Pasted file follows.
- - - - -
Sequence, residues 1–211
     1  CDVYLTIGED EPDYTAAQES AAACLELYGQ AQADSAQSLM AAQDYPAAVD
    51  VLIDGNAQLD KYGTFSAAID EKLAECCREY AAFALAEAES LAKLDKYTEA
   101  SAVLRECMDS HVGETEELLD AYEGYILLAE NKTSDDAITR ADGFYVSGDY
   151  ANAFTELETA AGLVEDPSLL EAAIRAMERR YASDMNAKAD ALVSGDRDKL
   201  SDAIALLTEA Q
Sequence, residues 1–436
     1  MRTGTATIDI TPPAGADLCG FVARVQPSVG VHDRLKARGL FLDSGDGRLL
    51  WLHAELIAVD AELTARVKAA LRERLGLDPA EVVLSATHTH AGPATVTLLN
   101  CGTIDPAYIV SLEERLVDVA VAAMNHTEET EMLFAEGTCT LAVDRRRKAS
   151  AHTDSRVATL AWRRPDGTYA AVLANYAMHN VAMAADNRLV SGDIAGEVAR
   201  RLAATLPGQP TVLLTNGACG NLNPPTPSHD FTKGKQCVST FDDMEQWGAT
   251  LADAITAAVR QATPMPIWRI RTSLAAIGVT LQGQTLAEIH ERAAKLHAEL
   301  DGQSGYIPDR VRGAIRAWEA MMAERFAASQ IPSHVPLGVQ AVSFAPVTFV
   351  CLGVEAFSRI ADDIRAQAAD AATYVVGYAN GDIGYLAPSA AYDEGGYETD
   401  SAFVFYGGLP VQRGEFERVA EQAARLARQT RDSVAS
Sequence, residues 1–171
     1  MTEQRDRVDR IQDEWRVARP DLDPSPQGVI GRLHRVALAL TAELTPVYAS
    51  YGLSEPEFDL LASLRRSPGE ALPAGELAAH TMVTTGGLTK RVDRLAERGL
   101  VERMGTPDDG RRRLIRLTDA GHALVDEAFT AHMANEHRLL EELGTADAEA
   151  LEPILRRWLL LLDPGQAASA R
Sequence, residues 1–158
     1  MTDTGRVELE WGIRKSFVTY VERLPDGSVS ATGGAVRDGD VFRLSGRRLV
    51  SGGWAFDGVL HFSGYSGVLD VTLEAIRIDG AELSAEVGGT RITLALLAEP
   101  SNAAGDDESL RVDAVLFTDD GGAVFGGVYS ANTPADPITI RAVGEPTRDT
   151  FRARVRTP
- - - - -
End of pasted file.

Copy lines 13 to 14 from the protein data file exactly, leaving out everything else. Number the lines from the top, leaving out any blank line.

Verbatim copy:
   251  LADAITAAVR QATPMPIWRI RTSLAAIGVT LQGQTLAEIH ERAAKLHAEL
   301  DGQSGYIPDR VRGAIRAWEA MMAERFAASQ IPSHVPLGVQ AVSFAPVTFV